3 Questions that Define Leadership in the 21st Century

Leadership Effectiveness

 

“Great leaders see around corners, shaping their future, not just reacting to it.” –Roselinde Torres

 

Roselinde Torres has studied leadership effectiveness for years. Her studies revealed that 3 key questions help define successful leadership.

  1. Where are you looking to anticipate change?
  2. What is the diversity measure of your network?
  3. Are you courageous enough to abandon the past?

Asking these three questions pushes the leader to think futuristically and creatively. With a diverse network, others are challenging the leader’s thinking and encouraging a wider variety of ideas. All of this helps by focusing on the future instead of getting stuck in the past.

 

“Relying on traditional development practices will stunt your growth as a leader.” –Roselinde Torres

 

Successful leaders:

  • Are courageous enough to abandon their past
  • Dare to be different
  • Take risks
  • Stand out
  • Prepare for the unknown
  • Develop relationships with people different from themselves

Take time to answer these three questions for yourself. I found it extraordinarily helpful.

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7 Decisions You Can Make Today to Be More Successful

7 Decisions
This is a guest post by Janet Miller. Janet is a mom of four, former Fortune 500 executive and executive coach. She is the cofounder of Jen Reviews and has been featured on Forbes, Fast Company, The Muse, and Tiny Buddha.

How to Be Happier and More Successful

Og Mandino once said, “In truth, the only difference between those who have failed and those who have succeeded lies in the difference of their habits. Good habits are the key to all success. Bad habits are the unlocked door to failure. Thus, the first law I will obey, which precedeth all the others is – I will form good habits and become their slave.”

 

“Good habits are the key to all success. Bad habits are the unlocked door to failure.” -Og Mandino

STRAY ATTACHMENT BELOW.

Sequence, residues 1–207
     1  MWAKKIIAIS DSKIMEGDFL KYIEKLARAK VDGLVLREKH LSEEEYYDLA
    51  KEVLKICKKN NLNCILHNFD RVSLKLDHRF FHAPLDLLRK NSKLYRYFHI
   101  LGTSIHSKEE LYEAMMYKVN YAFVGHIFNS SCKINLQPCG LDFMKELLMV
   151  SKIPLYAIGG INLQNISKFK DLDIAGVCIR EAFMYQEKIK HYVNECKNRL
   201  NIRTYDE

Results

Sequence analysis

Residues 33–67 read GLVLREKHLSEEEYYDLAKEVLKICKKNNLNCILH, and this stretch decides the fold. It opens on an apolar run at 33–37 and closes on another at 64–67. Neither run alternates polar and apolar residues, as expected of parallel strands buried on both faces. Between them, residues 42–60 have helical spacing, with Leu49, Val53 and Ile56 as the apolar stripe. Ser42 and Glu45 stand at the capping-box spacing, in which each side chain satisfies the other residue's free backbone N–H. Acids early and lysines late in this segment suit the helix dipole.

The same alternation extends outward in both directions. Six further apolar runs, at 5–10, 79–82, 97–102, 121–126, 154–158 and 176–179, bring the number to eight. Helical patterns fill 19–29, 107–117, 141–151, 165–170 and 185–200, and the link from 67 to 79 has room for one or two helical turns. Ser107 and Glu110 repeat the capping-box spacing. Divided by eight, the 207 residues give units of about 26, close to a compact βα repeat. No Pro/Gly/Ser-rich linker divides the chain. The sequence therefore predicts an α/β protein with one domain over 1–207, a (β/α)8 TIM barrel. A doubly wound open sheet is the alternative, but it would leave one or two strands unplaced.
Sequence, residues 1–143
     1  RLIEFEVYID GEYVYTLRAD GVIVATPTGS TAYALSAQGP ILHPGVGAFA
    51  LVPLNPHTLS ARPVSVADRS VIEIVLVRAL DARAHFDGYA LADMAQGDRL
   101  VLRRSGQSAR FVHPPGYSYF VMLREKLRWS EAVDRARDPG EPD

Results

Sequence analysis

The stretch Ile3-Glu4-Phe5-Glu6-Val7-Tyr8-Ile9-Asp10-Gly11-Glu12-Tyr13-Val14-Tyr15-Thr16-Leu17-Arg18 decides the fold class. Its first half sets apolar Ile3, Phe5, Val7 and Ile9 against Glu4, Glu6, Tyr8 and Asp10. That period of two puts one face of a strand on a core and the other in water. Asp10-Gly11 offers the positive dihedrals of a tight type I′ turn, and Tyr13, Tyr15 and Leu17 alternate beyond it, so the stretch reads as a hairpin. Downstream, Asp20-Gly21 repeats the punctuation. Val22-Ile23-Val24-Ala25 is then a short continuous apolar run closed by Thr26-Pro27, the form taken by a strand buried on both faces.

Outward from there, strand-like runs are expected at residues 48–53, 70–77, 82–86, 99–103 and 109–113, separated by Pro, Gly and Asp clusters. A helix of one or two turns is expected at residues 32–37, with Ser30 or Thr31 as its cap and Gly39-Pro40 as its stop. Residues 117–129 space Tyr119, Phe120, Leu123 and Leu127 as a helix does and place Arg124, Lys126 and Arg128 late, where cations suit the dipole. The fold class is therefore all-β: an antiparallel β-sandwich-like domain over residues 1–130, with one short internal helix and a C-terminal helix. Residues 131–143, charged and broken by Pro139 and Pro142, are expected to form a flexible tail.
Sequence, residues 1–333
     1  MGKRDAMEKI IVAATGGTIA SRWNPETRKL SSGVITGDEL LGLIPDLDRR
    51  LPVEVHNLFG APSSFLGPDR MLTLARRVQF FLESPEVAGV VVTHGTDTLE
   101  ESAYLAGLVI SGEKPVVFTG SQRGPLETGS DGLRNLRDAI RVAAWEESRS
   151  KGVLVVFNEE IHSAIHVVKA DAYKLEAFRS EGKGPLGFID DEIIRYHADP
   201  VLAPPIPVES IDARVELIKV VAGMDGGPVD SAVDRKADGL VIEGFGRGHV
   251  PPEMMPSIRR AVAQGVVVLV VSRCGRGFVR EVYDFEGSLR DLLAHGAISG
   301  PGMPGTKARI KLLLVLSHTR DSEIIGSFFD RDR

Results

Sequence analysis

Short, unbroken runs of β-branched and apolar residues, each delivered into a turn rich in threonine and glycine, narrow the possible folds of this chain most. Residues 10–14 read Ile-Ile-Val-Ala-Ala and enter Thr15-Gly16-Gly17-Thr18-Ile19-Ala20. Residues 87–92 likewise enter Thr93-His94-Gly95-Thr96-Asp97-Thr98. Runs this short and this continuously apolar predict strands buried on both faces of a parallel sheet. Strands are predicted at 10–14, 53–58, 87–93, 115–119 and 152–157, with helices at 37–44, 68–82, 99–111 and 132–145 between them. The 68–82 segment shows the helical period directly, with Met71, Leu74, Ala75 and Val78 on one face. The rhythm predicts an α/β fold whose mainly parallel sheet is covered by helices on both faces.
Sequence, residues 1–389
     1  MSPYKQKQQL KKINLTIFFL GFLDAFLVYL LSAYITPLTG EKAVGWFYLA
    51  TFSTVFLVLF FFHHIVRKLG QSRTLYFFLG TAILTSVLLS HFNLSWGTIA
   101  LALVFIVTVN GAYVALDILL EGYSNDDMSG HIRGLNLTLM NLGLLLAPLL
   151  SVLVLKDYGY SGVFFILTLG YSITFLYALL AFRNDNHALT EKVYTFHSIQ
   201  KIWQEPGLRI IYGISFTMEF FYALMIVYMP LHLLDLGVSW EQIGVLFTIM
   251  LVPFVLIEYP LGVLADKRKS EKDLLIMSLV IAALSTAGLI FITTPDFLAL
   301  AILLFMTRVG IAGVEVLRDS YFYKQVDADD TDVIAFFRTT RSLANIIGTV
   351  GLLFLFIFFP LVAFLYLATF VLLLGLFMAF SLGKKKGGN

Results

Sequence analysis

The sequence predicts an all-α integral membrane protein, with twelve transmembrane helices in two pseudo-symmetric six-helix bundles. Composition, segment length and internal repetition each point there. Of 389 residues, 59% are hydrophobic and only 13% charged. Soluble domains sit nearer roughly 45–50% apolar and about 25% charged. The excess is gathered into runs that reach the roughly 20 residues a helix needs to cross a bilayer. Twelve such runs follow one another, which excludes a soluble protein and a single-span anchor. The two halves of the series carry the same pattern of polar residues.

They say it takes 21 days to form a habit…or to break one. While the end result may not happen in the blink of an eye, these seven things we will go over today will definitely get you on your way. In the meantime, the happiness you will attain in realizing you are on your way to solidifying good practices will lead to your overall success. So, yes, you will realize a difference on the very first day, today, if you wish.

 

To most, this would seem like one of the least likely cases for long-term happiness and success, as it might leave you open to being let down. Quite the contrary. In assuming someone’s good intentions, you are allowing yourself to see things from their perspective, which in turn brings out the ability in you to be a good listener. You begin to see that their point has some valid root in something that they themselves find important, and you want to know what that is. It takes away the defensive attitude that we sometimes get when people come up with ideas that are not our own and also curbs our innate subconscious desire for self-righteousness.

Leadership Tip: Always start by believing in someone’s good intent.

 

2. Write down your goals every day.

Write down your goals every day. Studies show that writing down daily goals significantly improves the accomplishment of those goals. A good idea can also be a fleeting one, and it pays to jot every one of them down and then to arrange them in such a way that you can work from them towards a future arrival point, whether long-term or short-term. It can create and maintain vision, in which you can dream big, decide where you want to eventually be, and know the steps it will take to get there. It solidifies measurability, and creates something you can look back on as you begin to reach the finish line you have created.

“People with written goals accomplish far more in a shorter period of time than people without them could ever imagine.” – Brian Tracy

 

3. Realize that setbacks can ultimately lead to success.